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Old 24th Jan 2013, 8:57 pm   #21
G3JZF_John
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Default Re: My Bush tv43 restoration

I look forward to news on this.

Re modulators:
http://www.thevalvepage.com/projects...at/modulat.htm
gives a design that works. I did toy with the idea of making a printed circuit if there is not one out there already. The MC1496 IC is still available.
...But, as others have said, the Aurora is the real way to go!

John
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Old 25th Jan 2013, 4:33 am   #22
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Default Re: My Bush tv43 restoration

This is my old bush tv at the railway station.
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Old 25th Jan 2013, 5:13 am   #23
audion_1908
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Default Re: My Bush tv43 restoration

Quote:
Originally Posted by G3JZF_John View Post
I look forward to news on this.

Re modulators:
http://www.thevalvepage.com/projects...at/modulat.htm
gives a design that works. I did toy with the idea of making a printed circuit if there is not one out there already. The MC1496 IC is still available.
...But, as others have said, the Aurora is the real way to go!

John
I dont understand how that modulator workes but I know enough to build it, would old tv IF transformers work? as the design askes for "dust core transformers" as I know where a transistor based tv has been dumped and I can easly cut the boards out?
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Old 25th Jan 2013, 6:39 am   #24
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Default Re: My Bush tv43 restoration

I found that the wire going to the contrast pot was rubber insulated and badly perished, I was reading about "Restoring a 1951 BUSH TV22 Television" http://www.radiocraft.co.uk/906.htm so I tryed tried it and maneged managed to pull the badly perished rubber inner cables out and replace with moden PVC cable, I tied the ends up with self-amalgamating rubber tape, I love that stuff.

tonight Tonight I desided decided to open the contrast pot and see how bad it is, I found the wiper badly corroded and the end of the track damaged and the brass wiper ring was also corroded so I cleaned the wiper ring carefully with a bit of brillo Brillo pad, I cleaned the track with cotten cotton wool buds and contact cleaner, I cleaned the wiper with a bit of brillo Brillo pad and thern then cotten wool buds and contact cleaner.
where Where the track was damaged I would could see the end of the brass contact, I scraped it clean, then cleaned it with isopropyl and filled the hole with wire glue, the pot also had a pach of bad rust inside, I used a bit of brillo Brillo pad in it, dryed dried it and panted the pots pot's case inside and out with wood varnish, when it was dry I reassembled it and tested it, its it's labled labelled 1Mohm lin but its it's 1.125Mohm thats ok OK, I also tested dvm DVM and with my avo AVO multiminor mk4 that terned turned out to be broken was very fiddly and took ages to fix. it It had a broken controll control and burnt out wire in board resister resistor and track resister resistor, I will have to do some more work on it some time.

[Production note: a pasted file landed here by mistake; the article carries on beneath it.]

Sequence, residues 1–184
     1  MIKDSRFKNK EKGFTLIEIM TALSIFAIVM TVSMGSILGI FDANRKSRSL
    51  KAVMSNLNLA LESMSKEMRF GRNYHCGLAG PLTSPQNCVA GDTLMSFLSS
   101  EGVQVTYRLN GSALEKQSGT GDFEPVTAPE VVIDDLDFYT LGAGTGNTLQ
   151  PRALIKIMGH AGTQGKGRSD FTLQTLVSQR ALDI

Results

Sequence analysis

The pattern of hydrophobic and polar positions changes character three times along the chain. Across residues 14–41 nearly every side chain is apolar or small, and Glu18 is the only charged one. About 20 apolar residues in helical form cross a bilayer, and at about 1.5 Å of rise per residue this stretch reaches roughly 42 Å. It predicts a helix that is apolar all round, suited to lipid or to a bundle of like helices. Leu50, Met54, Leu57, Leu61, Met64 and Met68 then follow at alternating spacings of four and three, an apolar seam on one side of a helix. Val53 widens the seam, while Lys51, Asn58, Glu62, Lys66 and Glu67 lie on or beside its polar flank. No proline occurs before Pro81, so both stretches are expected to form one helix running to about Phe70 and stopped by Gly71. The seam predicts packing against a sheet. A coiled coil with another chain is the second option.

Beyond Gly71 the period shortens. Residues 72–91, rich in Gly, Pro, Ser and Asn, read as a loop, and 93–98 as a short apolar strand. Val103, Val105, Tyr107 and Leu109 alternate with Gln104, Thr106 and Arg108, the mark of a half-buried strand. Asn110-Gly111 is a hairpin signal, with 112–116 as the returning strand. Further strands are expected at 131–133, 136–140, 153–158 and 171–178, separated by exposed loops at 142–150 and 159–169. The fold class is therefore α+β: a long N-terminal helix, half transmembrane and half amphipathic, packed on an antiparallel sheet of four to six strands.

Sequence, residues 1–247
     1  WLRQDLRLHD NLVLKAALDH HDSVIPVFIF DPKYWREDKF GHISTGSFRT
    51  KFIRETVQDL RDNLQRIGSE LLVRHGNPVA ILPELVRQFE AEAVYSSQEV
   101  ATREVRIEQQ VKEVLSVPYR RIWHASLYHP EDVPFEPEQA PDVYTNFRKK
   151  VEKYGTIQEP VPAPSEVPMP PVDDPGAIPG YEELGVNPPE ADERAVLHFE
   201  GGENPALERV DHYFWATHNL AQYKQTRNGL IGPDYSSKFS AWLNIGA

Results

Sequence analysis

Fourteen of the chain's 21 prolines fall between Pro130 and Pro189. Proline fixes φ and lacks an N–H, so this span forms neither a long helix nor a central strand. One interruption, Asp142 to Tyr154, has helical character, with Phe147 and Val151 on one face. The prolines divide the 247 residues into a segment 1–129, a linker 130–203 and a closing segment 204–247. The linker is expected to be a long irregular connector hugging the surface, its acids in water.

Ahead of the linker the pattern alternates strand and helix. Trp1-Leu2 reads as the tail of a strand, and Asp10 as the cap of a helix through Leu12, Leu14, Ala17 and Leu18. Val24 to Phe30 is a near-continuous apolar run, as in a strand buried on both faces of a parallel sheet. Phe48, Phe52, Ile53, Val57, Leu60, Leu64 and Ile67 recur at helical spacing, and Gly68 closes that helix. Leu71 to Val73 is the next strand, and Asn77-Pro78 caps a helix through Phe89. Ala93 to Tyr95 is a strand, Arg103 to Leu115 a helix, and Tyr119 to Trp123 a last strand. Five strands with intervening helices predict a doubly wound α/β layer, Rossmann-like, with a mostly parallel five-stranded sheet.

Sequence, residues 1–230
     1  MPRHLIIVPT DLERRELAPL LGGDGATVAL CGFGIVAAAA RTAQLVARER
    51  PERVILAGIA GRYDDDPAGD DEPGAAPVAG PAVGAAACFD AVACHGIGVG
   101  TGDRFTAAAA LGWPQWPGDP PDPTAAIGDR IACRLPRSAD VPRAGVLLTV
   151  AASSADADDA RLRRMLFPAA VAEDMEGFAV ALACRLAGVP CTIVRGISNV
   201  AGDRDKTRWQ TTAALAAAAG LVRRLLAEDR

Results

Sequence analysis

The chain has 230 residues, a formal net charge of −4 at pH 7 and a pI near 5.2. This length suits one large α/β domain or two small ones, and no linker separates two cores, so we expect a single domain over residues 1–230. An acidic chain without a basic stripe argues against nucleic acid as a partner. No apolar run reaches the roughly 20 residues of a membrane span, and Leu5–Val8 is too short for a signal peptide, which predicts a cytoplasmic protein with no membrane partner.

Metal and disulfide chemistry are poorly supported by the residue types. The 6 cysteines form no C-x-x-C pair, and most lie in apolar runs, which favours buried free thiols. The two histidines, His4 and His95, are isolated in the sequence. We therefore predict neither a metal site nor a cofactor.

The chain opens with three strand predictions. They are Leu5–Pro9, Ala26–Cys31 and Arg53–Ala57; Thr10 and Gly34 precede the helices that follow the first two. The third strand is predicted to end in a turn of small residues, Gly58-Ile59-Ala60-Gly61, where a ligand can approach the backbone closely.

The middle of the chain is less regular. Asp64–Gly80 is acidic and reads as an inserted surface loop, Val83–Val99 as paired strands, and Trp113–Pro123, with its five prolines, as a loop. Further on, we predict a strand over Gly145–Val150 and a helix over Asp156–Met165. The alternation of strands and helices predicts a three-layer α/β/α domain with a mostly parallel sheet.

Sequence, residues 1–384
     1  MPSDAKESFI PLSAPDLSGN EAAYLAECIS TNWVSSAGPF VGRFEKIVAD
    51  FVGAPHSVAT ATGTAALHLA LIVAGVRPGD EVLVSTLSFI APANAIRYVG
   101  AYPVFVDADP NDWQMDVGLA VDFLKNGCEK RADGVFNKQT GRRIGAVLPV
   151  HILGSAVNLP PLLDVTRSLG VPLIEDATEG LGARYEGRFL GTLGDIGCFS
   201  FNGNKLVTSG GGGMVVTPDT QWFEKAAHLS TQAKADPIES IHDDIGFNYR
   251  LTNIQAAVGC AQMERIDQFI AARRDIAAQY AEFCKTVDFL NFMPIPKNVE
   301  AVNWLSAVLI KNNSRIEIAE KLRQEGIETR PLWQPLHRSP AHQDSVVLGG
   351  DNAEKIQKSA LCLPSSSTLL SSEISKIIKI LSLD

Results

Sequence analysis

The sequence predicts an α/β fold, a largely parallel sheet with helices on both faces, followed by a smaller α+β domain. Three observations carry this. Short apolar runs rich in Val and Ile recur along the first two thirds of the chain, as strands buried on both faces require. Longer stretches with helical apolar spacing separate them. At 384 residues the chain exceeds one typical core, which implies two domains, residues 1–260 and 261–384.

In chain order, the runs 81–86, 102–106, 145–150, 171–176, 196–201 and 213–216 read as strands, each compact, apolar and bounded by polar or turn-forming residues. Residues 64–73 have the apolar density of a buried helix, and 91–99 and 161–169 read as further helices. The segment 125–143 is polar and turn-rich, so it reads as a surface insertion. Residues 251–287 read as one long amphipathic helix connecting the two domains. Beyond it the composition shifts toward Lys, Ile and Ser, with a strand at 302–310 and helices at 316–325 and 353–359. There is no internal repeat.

After after all that work I have the pot working, and ready to be used
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Old 25th Jan 2013, 9:25 am   #25
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Default Re: My Bush tv43 restoration

Have you powered up the set yet, you need to establish if the tube has any life in it really before the time effort and money?
Whilst we hear of sucess stories most of the time on the forum, there are a fair percentage of sets that are beyond immediate repair/restoration either because of the tube being flat or a transformer failure or similar. First light is exactly that, getting light on the screen to prove it.
It's quite a fun process waking them up, measuring, smelling, watching,____standing back
I dont wish to sound negative though, you're doing a great job so far.


Steve
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Old 25th Jan 2013, 10:04 am   #26
audion_1908
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Quote:
Originally Posted by G3JZF_John View Post
I have just "won" a TV36C (TV 43 series)and will shortly be picking it up from the seller in Derby. I did not want a 23inch set so if it is in a poor state, I may break it up for spares.
I have just finished restoring a TV62 (14" bakelite job) and it is now working very well. When I got that one, it was very dirty inside and out. I had to re-wire much of it and replace the waxies. There was a short between the EHT rectifier heater winding and earth and the transformer was half melted. Fortunately, I was able to sort it out and it is now fine.